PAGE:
The growing NPAs are a constant worry as it is putting a huge strain on the public sector banks
The public sector banks which are teetering under the burden of non-performing assets need help from the government in the form of capital support.
Former Reserve Bank of India (RBI) governor Raghuram Rajan has said that government capital support for bad-loan ridden public sector banks is essential even if it means trimming budgetary outlays to other sectors.
“I think it’s important to recognise that banks do need capital and you need to put it aside and if it means that there are other resources allocations that should be reduced, so be it. I mean, that’s the cost of staying within the budget. This is not painless,” Rajan told the Mint
The growing NPAs are a constant worry as it is putting a huge strain on the public sector banks.
A Moody’s-ICRA report has pointed out that public sector banks will need anywhere between Rs 70,000 crore and Rs 95,000 crore in capital over two years.
“In our central scenario, we estimate that the 11 Moody's-rated public sector banks will require external equity capital of about Rs 70,000-Rs 95,000 crore, or about $10.6-$14.6 billion,” Alka Anbarasu, Moody's vice president and senior analyst, was quoted as saying.
“Moody's believes that capital infusions from the government remain the only viable source of external equity capital, because of the public sector banks' low capital market valuations, which will likely continue to deny them the option of raising fresh equity from the capital markets,” reported Economic Times
Looking at the turbulence in the banking industry, the cabinet on August 23 gave in-principle approval for public sector banks to amalgamate through an alternative mechanism (AM)
The decision would facilitate consolidation among the nationalised banks to create strong and competitive banks.
The proposals received from banks for in-principle approval to formulate schemes of amalgamation shall be placed before the AM. After in-principle approval, the banks will take steps in accordance with law and SEBI’s requirements.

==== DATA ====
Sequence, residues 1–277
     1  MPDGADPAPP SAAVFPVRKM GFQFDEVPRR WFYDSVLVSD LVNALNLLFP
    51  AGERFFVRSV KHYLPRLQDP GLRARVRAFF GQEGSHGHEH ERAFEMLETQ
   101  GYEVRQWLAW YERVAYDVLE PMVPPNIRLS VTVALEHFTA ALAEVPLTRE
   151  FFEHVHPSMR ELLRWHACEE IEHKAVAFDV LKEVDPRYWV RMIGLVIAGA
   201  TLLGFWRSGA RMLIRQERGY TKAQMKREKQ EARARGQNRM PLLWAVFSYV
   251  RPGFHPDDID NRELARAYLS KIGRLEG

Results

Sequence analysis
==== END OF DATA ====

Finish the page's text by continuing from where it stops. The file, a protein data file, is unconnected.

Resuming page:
In 1991, it was suggested that India should have fewer but stronger public sector banks. However, it was only in May 2016 that effective action to consolidate public sector banks began to be taken by announcing amalgamation of six banks into the State Bank of India.
SBI is now a single bank with about 24,000 branches, over 59,000 ATMs, 6 lakh POS machines and over 50,000 business correspondents. As much as 70% of SBI’s network lies in rural and semi-urban areas.
There are now 20 PSBs other than SBI. The banking scenario has changed since 1970s-80s when banks were nationalised, with an increased banking presence from private sector banks, non-banking financial companies, regional rural banks, payment banks and small finance banks. The decision is expected to facilitate the creation of strong and competitive banks in public sector space to meet the credit needs of a growing economy, absorb shocks and have the capacity to raise resources without depending unduly on the state exchequer.
An RBI document
said that during 2015-16, scheduled commercial banks interest earnings and non-interest incomes were adversely affected. Interest income reflected the impact of the continuing slowdown in credit growth. Interest expended also witnessed deceleration. However, growth in net interest income declined as compared to the previous year. Further, operating expenses showed an improvement largely due to moderate growth in the wage bill.
Provisions and contingencies surged due to a sharp deterioration in asset quality.
Provisioning for NPAs more than doubled on account of improved recognition of non-performing assets. This led to a more than 60 percent drop in net profits for the banking sector. PSBs reported losses to the tune of Rs 180 billion with net profits declining by 148 percent over the previous year, it said.